First Women Complete Nolan’s 14, Colorado’s Most Demanding, Obscure Mountain Challenge

Anna Frost on the Nolan's 14 course in the Sawatch Range, Colorado; Photograph courtesy Anna Frost and Missy Gosney
Anna Frost on the Nolan’s 14 course in the Sawatch Range, Colorado; Photograph courtesy Anna Frost and Missy Gosney

Update: We checked with Matt Mahoney, the Nolan’s 14 record keeper, on how the Nolan’s 14 finish is defined. He said: “Like any challenge, the participants make the rules. Traditionally, the clock stops on the last summit.”

Yesterday, ultrarunners Missy Gosney and Anna Frost finished Nolan’s 14, meaning they climbed 14 14,000-foot peaks in succession over about a hundred miles in the highest mountain range in Colorado, from Mount Massive near Leadville, all the way down to Mount Shavano near Salida. This is an accomplishment so large that even most ultrarunners can’t fathom what these runners did. Indeed, out of dozens of attempts, only 11 people have ever finished the route. The effort took them just shy of two and a half days, non-stop, and during that whole time they slept about half an hour. They endured lightning storms, nausea, intense fatigue, and more than a few hallucinations. But they got it done, and in doing so, they became the first women finishers of this most demanding of obscure mountain running challenges. Their effort was supported with a crew and aid points. (Learn the history of Nolan’s 14.)

Let me try to give you some perspective here: Thousands of people climb Mount Elbert, Colorado’s highest mountain, each year. It’s a big peak, but it’s not technical and just about anyone who can hike can reach its summit. A slightly smaller number of people climb next-door Mount Massive, the state’s second-highest peak, each year, which is fittingly massive, but equally approachable from a technical standpoint. Occasionally, ambitious hikers complete both peaks in a single day, in doing so covering over 9,000 feet of climbing over the course of about 14 miles. That’s enough to floor your average strong hiker. But for Missy and Anna, those two peaks were only the beginning of an odyssey that would eventually stretch for 12 more “14ers” and almost 58 hours in total. (Runners must complete the feat within 60 hours to be official finishers.) Here are a few things they had to say about their adventure. Find your own hike here >>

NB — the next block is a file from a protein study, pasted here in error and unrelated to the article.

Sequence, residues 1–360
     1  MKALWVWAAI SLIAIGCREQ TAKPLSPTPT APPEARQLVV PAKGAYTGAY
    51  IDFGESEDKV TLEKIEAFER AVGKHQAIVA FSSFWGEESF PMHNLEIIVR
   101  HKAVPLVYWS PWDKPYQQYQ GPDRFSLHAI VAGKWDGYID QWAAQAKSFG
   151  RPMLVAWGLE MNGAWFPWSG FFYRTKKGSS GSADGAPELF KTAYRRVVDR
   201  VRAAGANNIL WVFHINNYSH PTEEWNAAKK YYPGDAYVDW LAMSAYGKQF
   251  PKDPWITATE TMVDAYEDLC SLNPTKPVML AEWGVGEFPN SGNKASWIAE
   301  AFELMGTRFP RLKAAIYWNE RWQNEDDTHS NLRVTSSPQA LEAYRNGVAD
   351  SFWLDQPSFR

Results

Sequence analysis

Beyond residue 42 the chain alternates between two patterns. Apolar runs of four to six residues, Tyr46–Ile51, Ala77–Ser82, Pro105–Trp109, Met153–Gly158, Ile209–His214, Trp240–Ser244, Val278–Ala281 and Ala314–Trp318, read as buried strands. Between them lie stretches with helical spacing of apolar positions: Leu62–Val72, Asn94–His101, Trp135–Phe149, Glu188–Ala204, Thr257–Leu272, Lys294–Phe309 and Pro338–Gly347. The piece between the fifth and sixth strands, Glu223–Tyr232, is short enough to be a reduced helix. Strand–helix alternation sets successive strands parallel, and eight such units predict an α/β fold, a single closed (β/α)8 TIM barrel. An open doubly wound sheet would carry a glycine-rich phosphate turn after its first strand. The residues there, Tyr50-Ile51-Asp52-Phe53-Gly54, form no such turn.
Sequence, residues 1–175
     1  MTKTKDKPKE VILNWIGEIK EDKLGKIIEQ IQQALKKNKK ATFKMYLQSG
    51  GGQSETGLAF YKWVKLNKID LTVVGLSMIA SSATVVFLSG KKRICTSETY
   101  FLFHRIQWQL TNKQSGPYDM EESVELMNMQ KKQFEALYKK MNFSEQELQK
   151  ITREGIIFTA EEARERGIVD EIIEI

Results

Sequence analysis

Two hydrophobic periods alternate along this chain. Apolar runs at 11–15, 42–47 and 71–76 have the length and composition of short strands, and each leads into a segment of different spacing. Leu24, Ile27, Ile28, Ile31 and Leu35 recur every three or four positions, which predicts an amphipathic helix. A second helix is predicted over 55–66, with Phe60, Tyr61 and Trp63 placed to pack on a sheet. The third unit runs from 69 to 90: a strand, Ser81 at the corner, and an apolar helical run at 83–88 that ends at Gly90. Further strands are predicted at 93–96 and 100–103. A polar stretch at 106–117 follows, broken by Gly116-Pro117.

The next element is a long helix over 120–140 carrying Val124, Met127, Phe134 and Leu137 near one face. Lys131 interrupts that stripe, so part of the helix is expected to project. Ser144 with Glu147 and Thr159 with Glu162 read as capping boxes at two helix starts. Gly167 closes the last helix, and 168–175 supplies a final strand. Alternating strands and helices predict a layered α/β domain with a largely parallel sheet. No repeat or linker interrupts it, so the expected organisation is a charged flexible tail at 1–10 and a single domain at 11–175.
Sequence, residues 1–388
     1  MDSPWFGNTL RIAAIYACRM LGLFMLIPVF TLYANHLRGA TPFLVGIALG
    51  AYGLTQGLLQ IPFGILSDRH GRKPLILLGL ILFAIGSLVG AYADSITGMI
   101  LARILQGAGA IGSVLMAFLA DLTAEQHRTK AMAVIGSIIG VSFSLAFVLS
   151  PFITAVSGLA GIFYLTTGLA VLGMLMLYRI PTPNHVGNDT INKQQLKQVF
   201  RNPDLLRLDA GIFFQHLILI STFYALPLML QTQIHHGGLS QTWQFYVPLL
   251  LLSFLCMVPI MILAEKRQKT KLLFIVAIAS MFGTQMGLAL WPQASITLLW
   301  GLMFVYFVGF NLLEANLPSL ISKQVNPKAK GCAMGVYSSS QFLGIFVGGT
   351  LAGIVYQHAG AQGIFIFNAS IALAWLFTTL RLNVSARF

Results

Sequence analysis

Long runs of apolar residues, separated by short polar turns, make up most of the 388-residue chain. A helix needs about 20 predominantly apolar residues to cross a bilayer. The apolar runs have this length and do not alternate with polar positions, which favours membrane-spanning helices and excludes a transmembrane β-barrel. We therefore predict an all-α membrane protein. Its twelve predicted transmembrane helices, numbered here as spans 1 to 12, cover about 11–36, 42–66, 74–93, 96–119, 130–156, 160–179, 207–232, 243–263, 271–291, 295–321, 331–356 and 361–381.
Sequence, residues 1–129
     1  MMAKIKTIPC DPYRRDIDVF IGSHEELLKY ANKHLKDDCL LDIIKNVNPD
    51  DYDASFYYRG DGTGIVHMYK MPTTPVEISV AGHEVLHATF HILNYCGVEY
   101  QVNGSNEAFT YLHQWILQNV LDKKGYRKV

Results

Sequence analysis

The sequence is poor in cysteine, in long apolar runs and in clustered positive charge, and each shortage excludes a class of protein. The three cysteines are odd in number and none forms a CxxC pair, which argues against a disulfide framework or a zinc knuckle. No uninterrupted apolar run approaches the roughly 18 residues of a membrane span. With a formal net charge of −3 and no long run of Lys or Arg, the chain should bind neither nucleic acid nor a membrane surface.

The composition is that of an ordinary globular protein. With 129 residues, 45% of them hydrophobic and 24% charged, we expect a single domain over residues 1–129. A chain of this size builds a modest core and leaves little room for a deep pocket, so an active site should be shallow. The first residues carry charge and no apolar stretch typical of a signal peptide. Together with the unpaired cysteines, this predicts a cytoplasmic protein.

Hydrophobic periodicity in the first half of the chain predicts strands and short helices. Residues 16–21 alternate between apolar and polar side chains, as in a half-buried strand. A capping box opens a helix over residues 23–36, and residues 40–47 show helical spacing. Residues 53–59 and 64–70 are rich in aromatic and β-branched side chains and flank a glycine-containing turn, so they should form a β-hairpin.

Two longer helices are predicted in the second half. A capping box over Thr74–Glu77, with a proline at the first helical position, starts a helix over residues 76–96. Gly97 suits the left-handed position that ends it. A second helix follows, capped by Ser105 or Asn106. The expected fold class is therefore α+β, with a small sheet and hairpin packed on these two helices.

Storms

“The lightning was on top of us. I was literally sh** scared,” says Anna of their descent from Mount Yale in the evening of their second day. Caught in a thunderstorm above treeline, they increased their pace significantly and sprinted into the nearest trees, where they hunkered down and did sit-ups and “arm flaps” in order to stay warm. “There was no time between lightning strike and thunder,” says Missy. “Do you know how loud that is?”

Route Finding

“We got lost on the easiest part of the course, that I’d done a million times,” says Anna. “Both of us know the route super well,” reports Missy, “and we didn’t really ever go off route.” This is saying a lot; over the course of roughly a hundred miles, more than half of which was off-trail, they nailed every bit except for a quarter-mile section on a good trail, which only happened “because I was hallucinating like crazy,” reports Anna.

Hallucinations

“I was really hallucinating,” says Anna. “All the rocks were animals. Mickey Mouse was probably the craziest. There were giraffes and elephants. I saw a black koala.”

Nausea

“Neither of us puked the whole time,” says Missy proudly, but goes on to say that “we both felt super nauseous above 13,000 feet.” Which, keep in mind, comprises about 25 percent of the whole endeavor.

Food